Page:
Replication and Upscaling mechanisms are important from the point of view that pilot projects should not remain a “one-off” exercise. Aiming to ensure a successful implementation, there is no one size fits all approach. Local conditions can have a strong impact and expose a range of barriers as well as enablers. While numerous approaches and technologies address urban challenges, the processes of urban road-mapping and vision development remains complex. In many cases successfully implemented solutions that work in one urban context, fail dramatically when transferred in another urban setting. It is risky and not sufficient to attempt to copy-paste an existing solution from one to another urban environment, as diverse local factors may counteract the well-intended aims.
Therefore, it is necessary to follow a range of principles and guiding steps that are necessary to identify the most replicable urban solutions matching different urban contexts. The SITEE Replicability Methodology is a tool that enables the evaluation of replicability potentials.
SITEE is a decision support tool able to determine the replication potential of different urban solutions in a specific place, taking into account the full range of local factors that could influence their applicability, with the ambition to support cities in the selection of the most suitable solutions for their local context.
The approach is based on the analysis of 5 dimensions: Sociocultural; Institutional; Technological; Environmental and Economic – SITEE replicability tool.
SITEE relies on a mathematical approach that can be easily represented through cartesian diagrams built on variables dependent on:
According to those variables, every solution can be represented as a point in the diagram (See Figure 1).
The correlation with the replication potential, expressed on a scale 0-100%, is given by the intersection between the points representing the solutions and the iso-replicability lines (diagonal lines in the figure).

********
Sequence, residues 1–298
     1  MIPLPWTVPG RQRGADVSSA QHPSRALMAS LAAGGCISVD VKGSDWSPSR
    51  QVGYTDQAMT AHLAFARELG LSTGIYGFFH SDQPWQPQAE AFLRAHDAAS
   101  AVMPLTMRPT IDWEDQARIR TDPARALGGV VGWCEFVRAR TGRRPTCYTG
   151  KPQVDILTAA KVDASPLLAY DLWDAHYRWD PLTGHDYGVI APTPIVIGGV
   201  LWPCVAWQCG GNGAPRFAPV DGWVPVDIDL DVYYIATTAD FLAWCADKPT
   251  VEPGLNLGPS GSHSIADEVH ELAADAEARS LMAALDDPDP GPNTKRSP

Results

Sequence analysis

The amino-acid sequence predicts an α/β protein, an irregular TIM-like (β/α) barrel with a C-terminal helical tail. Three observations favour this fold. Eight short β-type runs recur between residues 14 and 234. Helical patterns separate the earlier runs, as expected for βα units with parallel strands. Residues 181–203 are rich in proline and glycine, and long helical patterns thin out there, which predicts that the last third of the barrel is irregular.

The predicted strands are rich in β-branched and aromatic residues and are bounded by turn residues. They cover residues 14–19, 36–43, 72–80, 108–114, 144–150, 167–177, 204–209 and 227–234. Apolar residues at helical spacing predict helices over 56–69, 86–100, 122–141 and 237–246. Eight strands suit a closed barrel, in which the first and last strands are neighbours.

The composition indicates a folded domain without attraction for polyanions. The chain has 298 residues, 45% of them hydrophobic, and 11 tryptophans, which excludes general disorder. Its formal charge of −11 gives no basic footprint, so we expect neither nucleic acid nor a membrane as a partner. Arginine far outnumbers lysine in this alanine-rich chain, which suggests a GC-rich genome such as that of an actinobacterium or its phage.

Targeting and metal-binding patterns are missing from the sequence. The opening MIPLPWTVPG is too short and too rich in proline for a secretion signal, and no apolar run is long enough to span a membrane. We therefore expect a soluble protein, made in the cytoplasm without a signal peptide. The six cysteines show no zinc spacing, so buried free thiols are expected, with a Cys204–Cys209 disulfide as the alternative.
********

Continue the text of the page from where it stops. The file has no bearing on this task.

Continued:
In SITEE, different Solution and Context variables are associated to every dimension (Table 1) and the general approach explained above is likewise applied to each of them.
The Context Variables are informed through questionnaires addressed to institutions, stakeholders, citizens from the city targeted for replication, while the Solution Variables should be elicited from the industrial/private entities and local administrations who implemented the solutions or, alternatively, can be obtained through desk research activities and experts’ estimations.
Once all variables are calculated, a Replicability Diagram can be obtained for each dimension and the five values of replication obtained are then averaged to estimate the Overall Replication Potential of the selected urban solutions in the specific context under assessment (e.g. city, district, etc.) (Figure 2).
Besides the Overall Replication Potential, a Replication Priority Index has been defined to rank solutions from the most to the least replicable. The Replication Priority Index is calculated by expanding the measurement scale of the Overall Replication Potential while keeping proportions and ratios among the different replication values unchanged. It is thus possible to detect and better visualize even minimal differences among solutions, therefore facilitating the analysis (Figure 3).
This multi-dimensional assessment allows for the identification of the most relevant factors that may limit or facilitate replication, supporting cities in the selection of those urban solutions that could be best replicated according to the socio-cultural, institutional, technological, environmental and economic aspects proper of their local context.